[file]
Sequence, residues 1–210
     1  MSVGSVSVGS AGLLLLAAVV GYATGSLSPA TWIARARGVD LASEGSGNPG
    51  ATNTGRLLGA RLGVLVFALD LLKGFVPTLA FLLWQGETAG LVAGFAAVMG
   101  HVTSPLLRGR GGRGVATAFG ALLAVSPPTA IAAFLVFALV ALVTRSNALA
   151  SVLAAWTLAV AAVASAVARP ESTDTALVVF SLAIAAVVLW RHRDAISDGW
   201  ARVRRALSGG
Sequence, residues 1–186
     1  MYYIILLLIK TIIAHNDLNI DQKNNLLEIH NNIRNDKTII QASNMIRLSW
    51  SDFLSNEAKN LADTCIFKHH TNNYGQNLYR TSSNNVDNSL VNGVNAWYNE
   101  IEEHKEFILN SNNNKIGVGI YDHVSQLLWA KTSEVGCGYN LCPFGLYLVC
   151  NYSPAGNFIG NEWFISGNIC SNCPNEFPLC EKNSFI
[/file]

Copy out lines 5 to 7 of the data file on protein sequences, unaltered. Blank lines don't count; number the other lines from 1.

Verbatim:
   151  SVLAAWTLAV AAVASAVARP ESTDTALVVF SLAIAAVVLW RHRDAISDGW
   201  ARVRRALSGG
Sequence, residues 1–186